clandestina

Migration and Struggle in Greece

GREECE: IMMIGRANTS AND ANARCHISTS STRUGGLE AGAINST RACIST ATTACKS

Posted by clandestina on 2 July 2009

This is a part of the Britain, RESISTANCE bulletin issue 114 July/August 2009 providing some context and links of the on-going anti-immigrant campaign with December’s revolt and the State’s “counter-revolt” since then.

clandestinenglish

GREECE: IMMIGRANTS AND ANARCHISTS STRUGGLE AGAINST RACIST ATTACKS


Throughout December, Greece was alive with working class dissent. Police stations burned,
luxury shops were ransacked, roads blockaded and the centre of Athens saw continuous
running battles with aggressive riot police (often in collaboration with neo-Nazi
paramilitary organisations).

An important factor that was to colour the December events was the sheer diversity of
those involved. Anger at the murder of 15-year old Alexandros Grigoropoulos by police was
shared across Greek society. This and the continuing attacks by the state on workers’
conditions in response to the economic crisis served to fan the flames of wider political
dissent across the country.

But this time the streets were not only filled with the usual gang of hooded
insurrectionists. Factory workers, school students, university students, teachers, health
workers, the precariously employed of the so-called “seven hundred Euro generation”,
immigrants, agricultural labourers, the unemployed (and many more) all took to the streets
in outrage. Helena Smith of the Telegraph reported on the 14th December that, to her
horror, even “middle-class rioters are buying rocks”. It seemed that everyone was starting
to see the rotten state of the system.

Yet, the mainstream media inside Greece, and later the professor’s of Greek Universities,
would continue to tell two stories about the riots. The first, that it was just a mob of
hot-headed youth. This wasn’t political, these people were just bored and disillusioned.
All they needed was better jobs and better opportunities. The economy had failed them, we
know what’s best for them, oh the folly of youth etc. The second accusation betrayed a far
more vicious agenda and introduced a political scapegoat for the violence. That poor Greek
youths had been led astray by immigrants whose only aim was to loot and steal from native
Greeks.

In the media, distinctions were continuously made between the naïve and hot-blooded
actions of Greek youth and the criminal behaviour of immigrants and minorities. Such
accusations were also backed by a very real campaign of intimidation and violence against
immigrant communities by Fascist organisations.

In early May, for example, a rally called by fascist groups quickly turned violent.
Neo-nazis began randomly beating immigrants with iron bars with the police looking on.
Later, under the protection of the riot police, the neo-nazis attacked buildings where
immigrants find refuge with stones and flash and sound grenades.

Such anti-immigrant activity, however, was not limited to the streets. The European
elections saw the ascent of LAOS, the populist rightwing Popular Orthodox Alarm Party, to
4th position with 7% of the vote. This, combined with the governing party’s landslide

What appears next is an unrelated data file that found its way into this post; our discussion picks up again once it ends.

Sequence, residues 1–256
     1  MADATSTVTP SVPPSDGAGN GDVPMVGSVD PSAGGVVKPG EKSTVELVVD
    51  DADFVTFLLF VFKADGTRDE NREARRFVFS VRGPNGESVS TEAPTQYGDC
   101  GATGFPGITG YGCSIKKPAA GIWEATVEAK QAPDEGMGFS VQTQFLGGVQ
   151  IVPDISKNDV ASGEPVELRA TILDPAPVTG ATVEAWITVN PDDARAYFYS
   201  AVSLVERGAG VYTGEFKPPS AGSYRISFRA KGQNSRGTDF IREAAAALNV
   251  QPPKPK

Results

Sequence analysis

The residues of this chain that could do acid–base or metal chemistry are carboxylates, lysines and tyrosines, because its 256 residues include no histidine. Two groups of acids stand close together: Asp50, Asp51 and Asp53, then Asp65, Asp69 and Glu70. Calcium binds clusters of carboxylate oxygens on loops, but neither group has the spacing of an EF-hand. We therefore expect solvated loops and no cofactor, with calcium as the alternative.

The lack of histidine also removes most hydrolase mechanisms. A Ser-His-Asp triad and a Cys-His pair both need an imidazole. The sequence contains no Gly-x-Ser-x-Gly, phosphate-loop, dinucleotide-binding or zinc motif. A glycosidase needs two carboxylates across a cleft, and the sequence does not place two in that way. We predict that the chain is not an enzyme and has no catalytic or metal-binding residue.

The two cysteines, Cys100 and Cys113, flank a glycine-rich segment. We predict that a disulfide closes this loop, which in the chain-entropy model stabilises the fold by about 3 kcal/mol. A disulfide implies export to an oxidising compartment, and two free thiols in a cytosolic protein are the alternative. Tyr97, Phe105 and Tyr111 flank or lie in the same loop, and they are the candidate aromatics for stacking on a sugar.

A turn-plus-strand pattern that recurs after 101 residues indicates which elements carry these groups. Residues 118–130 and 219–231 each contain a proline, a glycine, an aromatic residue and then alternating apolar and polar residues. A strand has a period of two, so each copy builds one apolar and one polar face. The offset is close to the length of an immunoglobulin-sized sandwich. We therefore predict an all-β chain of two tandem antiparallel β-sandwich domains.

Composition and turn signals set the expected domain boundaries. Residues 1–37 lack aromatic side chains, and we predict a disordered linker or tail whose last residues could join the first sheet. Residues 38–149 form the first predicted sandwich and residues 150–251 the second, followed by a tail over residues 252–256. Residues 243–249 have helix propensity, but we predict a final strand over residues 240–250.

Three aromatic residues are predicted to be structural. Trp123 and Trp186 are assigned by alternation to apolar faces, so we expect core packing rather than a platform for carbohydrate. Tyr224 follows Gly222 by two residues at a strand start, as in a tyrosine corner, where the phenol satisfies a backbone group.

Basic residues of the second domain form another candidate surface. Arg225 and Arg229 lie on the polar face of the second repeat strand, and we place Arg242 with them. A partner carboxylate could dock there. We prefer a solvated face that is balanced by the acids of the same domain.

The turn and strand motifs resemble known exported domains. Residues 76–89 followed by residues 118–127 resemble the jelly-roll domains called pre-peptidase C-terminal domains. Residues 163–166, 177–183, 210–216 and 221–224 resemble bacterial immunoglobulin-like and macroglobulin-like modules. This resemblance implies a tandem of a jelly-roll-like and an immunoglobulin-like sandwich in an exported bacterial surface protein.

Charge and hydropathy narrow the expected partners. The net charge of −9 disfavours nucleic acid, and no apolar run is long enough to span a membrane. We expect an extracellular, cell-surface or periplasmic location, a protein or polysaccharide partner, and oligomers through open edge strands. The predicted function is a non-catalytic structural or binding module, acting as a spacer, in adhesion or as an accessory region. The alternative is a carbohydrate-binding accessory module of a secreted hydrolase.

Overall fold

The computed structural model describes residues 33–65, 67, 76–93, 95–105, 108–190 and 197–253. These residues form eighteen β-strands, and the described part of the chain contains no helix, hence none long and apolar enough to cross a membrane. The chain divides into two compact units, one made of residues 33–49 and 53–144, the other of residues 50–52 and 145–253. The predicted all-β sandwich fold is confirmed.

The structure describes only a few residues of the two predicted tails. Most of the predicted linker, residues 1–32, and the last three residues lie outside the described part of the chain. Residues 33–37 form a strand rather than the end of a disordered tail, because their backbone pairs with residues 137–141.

defeat, led the government to endorse the core of the extreme-right wing policies of LAOS.
The Minister of Public Order, Mr Makroyannakis, announced the launch of a mass pogrom of
immigrants in the centre of Athens. He pledged to “clean” immigrants from the city centre
and displace them in what he called “a ghetto” at the outskirts of Athens. The camp, which
will use the old NATO base of Aspropyrgos in the city’s heavily industrially polluted
rustbelt, is expected to hold more than 2,000 ‘illegal’ immigrants. The premises had been
proposed in the past as a temporary concentration camp for immigrants, addicts and
homeless people during the 2004 Olympic Games but the plan was abandoned after a huge
public outcry.

Immigrants and their allies are not taking these attacks lying down. Early March, after
all, saw protesters, in response to an attempted hand grenade attack on an immigrant
community, break into the offices of Neo-Nazi group Golden Dawn (Xrysi Avgi) and torch
them to the ground. On Friday 29 May immigrants and solidarity protesters also marched to
the Greek parliament despite a fascist counter-demo and media scaremongering. Tensions are
high, however, and attacks on immigrants are likely to escalate.

Early June saw anarchists in the area of Agios Panteleimonas move to unblock the entrance
of the local children’s playground which the fascists want to keep locked in an effort to
impose segregation between Greeks and immigrants, and “to preserve the blood purity of the
white race”. While unblocking the playground the anarchists were attacked by fascists who
were soon routed before the arrival of riot police forces.

During the clashes one policeman was injured and five protesters were arrested on criminal
charges. After the end of the clashes, a local Greek father, Mr Tasoulas, took his son to
play in the coveted playground. Soon they were surrounded by fascists who blocked the exit
of the playground and threatened to lynch the father calling him a traitor. After he
managed to hand the child to a sympathetic neighbour, the fascists beat the father in full
presence of the chief of the local police station.

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